The College Post
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Rutgers University Faculty Members Authorize Strike

Faculty members at Rutgers University have authorized a strike if the school doesn’t meet their union’s various demands.

According to The Inquirer, the strike was authorized last week after 88 percent of members of The American Association of University Professors-American Federation of Teachers at Rutgers’ group, representing 4,800 full-time faculty and graduate employees, voted in its favor should negotiations with university officials continue to drag on.

“We do not want to have to call a strike unless we absolutely have to,” Deepa Kumar, president of the union, said. “We are fighting to defend quality public higher education, and this is not just about the faculty and graduate students. This is about our students.”

Faculty members and the union have been trying to renegotiate their contract with administrators since it expired in June. Their demands include an increase in pay to student teachers; equal pay for female faculty members; salary increases for teaching assistants, and improvements in student-faculty ratios.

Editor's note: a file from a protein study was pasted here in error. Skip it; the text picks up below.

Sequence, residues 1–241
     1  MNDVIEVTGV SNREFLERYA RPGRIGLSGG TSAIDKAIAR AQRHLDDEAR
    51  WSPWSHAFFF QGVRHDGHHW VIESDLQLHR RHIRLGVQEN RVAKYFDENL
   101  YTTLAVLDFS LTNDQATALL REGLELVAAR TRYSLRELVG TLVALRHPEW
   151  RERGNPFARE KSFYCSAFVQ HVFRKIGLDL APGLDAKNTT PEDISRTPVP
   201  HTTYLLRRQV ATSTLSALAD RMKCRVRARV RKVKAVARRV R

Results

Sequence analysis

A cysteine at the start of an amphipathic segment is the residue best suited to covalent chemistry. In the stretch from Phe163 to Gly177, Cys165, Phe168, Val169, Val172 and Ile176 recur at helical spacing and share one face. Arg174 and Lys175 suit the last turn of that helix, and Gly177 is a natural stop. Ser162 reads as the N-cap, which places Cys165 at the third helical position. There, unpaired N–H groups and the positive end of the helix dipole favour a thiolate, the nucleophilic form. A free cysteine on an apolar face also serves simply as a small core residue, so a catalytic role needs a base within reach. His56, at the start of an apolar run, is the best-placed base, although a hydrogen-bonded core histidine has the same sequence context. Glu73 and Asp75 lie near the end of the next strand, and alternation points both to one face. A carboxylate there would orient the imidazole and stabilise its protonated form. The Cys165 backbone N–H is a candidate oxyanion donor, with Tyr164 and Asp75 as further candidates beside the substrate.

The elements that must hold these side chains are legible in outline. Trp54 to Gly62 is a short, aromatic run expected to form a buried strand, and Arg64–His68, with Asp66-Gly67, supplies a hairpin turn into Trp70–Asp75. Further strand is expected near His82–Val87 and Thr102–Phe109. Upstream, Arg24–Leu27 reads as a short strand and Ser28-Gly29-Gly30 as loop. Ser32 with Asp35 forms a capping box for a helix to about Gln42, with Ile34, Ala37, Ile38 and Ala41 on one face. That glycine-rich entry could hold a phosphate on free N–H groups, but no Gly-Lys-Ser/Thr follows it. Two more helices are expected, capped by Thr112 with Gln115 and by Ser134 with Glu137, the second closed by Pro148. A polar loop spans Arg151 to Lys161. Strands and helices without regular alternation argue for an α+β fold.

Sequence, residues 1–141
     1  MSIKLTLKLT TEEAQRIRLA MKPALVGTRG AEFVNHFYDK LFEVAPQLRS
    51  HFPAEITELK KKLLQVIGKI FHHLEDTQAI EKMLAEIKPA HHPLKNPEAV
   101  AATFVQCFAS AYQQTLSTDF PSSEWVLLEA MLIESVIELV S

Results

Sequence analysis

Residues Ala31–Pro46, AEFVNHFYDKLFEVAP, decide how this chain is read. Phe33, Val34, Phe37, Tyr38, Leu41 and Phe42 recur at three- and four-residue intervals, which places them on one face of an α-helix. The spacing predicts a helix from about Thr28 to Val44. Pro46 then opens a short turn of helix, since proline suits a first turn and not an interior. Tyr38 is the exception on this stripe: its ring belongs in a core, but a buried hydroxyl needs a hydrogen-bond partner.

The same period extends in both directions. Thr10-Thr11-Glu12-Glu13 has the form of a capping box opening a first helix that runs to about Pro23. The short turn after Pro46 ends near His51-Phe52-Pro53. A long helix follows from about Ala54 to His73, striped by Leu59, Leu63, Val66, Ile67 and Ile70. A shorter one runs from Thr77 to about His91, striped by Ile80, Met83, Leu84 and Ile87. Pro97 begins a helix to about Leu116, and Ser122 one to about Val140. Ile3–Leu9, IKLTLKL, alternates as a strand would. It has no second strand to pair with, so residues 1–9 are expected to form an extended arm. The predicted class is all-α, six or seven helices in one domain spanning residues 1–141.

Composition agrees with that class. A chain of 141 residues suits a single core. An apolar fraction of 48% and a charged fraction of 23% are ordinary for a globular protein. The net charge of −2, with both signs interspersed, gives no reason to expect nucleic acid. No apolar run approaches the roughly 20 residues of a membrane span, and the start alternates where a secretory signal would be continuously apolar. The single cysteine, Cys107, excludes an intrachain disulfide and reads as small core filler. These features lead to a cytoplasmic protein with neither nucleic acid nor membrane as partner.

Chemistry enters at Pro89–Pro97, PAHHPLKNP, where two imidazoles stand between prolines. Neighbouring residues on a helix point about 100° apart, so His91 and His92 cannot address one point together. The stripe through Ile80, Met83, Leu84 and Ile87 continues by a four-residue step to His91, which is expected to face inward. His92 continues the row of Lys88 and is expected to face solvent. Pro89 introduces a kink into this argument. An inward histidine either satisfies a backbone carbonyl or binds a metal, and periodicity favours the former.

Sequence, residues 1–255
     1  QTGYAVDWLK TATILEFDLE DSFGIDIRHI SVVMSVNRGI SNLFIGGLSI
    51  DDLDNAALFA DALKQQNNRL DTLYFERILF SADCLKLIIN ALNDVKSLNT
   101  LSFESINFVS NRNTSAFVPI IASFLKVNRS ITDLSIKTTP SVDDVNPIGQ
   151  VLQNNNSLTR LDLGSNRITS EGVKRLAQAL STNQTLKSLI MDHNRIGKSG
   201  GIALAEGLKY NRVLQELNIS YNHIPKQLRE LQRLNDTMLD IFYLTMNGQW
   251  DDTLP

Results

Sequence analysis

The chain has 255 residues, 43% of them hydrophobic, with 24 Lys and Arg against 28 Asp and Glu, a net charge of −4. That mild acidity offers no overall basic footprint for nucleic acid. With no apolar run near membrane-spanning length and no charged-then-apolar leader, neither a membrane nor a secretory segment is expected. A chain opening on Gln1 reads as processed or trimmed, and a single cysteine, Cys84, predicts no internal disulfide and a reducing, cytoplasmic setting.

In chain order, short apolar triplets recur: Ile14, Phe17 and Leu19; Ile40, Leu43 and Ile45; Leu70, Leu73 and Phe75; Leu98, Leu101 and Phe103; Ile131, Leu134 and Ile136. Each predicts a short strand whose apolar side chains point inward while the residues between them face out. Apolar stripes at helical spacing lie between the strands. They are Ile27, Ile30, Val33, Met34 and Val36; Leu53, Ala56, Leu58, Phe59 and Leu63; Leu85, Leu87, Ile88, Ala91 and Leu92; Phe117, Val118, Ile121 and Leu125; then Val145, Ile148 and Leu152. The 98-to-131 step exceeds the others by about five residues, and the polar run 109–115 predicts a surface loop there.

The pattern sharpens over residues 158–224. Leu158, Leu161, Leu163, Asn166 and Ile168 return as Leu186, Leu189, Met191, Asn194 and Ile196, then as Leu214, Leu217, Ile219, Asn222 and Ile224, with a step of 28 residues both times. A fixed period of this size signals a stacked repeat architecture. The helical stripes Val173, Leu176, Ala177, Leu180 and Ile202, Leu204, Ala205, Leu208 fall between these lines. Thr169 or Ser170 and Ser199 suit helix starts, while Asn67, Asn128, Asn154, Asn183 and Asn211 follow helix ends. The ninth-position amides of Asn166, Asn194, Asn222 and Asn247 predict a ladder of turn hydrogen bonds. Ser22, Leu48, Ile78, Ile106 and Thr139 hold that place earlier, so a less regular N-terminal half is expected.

“Faculty are not eager to strike. We recognize and want to minimize any disruption to Rutgers students. However, even if we have to strike, the benefits for higher education and students at Rutgers will be much greater than the short-term cancellation of any classes,” David Hughes, vice-president of Rutgers AAUP-AFT and the bargaining committee chair, said.

“We are convinced that this administration is so misguided … that a strike is both necessary and a good investment in the future,” he added.

In January, faculty at Wright State University also went on a strike over its labor contract, which they alleged had potential to reduce both the quality and quantity of research and scholarships.

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